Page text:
SF Business Times: No vacancy: S.F. sublease space falls to 13-year low

| November 25, 2013 | 0 Comments

I remember sitting in a sales meeting in early 2001 at my old company when our research guy showed us some data that got my attention. We learned that the volume of available sublease space had surpassed that offered directly from building owners. Even though this wasn’t a stat that was commonly tracked back then, I  knew that this meant a major change was coming. Sure enough, the market crashed shortly thereafter, driven down– and fast– in no small part because of this sudden preponderance of volatile sublease space.

In his column last week, J.K. Dineen looks at my personal favorite market benchmark. According to the article,  the San Francisco market shows sublease space to be in short supply, and what is out there not trading at the sort of discount that one would expect.

Our data shows a similar situation developing on the Peninsula, with sublease space comprising a mere 15% of available space in San Mateo County- and given the weakness in some peripheral sub markets (a spread really not seen as much up in The City), in some ways this is almost more impressive than the SF stats. In some submarkets there is virtually zero sublease inventory.   (The sublease vacancy is about 18.5% if you factor in Palo Alto and Mtn. View, but a single very large sublease skews the numbers– trust me, sublease space there is plenty scarce)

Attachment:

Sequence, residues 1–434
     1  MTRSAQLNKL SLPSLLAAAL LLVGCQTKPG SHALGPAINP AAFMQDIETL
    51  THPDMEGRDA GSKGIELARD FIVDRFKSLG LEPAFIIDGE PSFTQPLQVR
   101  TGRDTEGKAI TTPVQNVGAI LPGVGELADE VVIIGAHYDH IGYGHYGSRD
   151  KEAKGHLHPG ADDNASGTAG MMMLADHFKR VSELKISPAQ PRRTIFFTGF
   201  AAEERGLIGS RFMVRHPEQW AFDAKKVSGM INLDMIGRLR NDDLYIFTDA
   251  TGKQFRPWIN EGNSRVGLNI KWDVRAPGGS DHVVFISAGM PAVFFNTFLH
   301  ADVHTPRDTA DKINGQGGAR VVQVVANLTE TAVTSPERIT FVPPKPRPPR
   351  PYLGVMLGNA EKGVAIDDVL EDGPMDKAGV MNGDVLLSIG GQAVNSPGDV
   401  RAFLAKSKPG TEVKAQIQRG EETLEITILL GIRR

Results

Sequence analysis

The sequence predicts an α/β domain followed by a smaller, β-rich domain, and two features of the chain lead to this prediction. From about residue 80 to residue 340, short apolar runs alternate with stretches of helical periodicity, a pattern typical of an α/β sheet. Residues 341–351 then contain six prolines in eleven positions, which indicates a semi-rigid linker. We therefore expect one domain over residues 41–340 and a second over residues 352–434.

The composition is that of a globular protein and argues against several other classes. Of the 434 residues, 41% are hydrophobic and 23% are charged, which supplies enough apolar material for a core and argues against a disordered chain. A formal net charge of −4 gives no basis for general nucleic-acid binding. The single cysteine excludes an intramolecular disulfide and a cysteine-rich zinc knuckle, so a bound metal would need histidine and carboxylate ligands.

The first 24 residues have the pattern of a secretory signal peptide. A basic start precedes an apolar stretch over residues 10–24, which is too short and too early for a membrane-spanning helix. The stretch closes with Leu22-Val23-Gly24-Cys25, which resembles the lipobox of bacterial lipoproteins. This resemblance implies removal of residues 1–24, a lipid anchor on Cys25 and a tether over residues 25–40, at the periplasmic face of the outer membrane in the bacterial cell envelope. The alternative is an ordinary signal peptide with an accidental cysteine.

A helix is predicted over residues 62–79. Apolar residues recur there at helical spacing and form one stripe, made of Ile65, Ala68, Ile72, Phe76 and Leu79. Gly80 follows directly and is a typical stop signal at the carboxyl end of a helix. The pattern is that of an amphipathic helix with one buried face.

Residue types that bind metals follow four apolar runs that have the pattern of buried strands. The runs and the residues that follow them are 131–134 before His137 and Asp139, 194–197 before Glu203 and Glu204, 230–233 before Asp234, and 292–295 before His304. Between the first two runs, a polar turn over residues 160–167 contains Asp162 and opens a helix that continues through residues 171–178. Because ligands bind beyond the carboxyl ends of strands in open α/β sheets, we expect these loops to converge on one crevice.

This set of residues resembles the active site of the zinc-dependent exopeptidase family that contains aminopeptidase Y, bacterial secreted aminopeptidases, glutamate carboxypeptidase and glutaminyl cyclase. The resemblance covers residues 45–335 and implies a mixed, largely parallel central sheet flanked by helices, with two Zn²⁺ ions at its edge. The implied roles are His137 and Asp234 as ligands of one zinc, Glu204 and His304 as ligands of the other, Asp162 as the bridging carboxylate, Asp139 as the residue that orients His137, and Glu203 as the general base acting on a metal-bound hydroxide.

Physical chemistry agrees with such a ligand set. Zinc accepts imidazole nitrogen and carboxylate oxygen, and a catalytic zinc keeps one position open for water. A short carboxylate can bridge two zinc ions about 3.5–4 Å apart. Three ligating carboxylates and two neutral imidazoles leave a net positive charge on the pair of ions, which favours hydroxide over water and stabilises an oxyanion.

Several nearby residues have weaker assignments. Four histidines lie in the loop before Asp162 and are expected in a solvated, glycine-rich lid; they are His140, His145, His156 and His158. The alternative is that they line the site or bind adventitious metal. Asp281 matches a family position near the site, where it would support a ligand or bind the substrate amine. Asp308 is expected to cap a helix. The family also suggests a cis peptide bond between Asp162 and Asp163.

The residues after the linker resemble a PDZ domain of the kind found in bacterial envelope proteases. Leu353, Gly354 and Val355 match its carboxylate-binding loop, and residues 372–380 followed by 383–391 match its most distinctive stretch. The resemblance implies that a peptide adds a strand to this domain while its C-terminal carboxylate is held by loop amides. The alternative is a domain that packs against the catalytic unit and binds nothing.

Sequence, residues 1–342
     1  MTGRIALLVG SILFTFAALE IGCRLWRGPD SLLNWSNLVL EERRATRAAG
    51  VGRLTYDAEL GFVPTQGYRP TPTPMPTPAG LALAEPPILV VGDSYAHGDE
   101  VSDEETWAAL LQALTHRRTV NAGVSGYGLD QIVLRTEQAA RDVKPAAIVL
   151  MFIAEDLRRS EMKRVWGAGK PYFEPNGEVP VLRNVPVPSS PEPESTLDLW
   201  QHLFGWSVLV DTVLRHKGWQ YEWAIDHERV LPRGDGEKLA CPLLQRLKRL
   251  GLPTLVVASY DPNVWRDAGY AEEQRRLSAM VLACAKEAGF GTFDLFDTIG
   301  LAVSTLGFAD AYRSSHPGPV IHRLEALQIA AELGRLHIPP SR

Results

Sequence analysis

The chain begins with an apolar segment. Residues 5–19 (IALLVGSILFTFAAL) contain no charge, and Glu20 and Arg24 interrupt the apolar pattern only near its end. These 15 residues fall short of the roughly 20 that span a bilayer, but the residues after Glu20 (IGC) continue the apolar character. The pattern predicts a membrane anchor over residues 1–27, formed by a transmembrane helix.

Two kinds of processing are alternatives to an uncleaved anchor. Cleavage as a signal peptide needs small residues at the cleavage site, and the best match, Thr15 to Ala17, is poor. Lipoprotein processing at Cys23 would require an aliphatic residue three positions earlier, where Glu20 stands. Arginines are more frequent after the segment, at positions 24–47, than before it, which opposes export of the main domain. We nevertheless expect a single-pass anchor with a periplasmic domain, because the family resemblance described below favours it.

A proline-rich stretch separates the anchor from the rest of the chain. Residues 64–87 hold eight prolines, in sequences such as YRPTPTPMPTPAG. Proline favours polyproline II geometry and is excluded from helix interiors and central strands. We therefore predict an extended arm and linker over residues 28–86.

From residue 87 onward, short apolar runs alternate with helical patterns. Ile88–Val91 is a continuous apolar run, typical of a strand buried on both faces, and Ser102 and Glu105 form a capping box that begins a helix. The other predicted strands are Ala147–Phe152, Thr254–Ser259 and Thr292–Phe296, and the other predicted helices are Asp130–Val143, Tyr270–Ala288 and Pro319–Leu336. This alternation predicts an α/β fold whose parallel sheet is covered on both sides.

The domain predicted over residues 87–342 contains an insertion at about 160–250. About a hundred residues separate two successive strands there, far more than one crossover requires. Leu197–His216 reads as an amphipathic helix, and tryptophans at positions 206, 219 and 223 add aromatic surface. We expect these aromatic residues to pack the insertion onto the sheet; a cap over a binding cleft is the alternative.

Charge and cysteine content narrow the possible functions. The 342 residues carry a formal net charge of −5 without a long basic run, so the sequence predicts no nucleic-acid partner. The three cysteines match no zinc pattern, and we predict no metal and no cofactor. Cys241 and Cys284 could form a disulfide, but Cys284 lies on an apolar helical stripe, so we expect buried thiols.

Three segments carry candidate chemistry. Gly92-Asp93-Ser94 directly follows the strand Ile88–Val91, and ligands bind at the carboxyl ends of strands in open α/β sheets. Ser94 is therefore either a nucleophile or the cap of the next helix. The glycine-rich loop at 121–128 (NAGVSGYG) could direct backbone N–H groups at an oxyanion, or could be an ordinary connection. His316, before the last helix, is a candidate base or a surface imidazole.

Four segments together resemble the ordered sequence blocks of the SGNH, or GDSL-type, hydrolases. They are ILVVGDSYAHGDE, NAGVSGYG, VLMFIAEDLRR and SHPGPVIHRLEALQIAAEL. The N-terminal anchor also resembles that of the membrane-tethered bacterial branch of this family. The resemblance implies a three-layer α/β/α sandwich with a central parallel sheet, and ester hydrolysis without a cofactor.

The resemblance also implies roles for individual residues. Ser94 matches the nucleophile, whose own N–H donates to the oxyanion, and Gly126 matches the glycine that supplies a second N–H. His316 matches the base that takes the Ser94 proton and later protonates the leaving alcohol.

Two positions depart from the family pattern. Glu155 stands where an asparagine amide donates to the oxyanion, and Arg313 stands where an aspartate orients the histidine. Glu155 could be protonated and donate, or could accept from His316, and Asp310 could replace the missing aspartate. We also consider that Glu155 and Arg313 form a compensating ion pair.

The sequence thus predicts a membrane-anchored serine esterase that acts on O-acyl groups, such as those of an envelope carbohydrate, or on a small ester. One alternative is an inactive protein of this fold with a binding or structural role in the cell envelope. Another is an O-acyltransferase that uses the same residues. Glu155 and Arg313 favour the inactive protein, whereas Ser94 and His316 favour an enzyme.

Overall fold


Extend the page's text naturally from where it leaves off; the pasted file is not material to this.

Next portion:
A heavy percentage of sublease space deals a double whammy to the market- it generally means a weakening appetite by larger tenants, and, more importantly, it creates pricing chaos. A tenant unloading surplus space is more concerned with a quick deal than a building owner looking at long-term building valuations.

After years of rent growth, it’s not unreasonable to look for signs of weakness, but the current  light load of sublease square footage certainly suggests ongoing stability in the market.   I think that there is a heck of a lot of “shadow space” buried in the market that could pose some problems down the road, but likely not for the time being.   Stay tuned…

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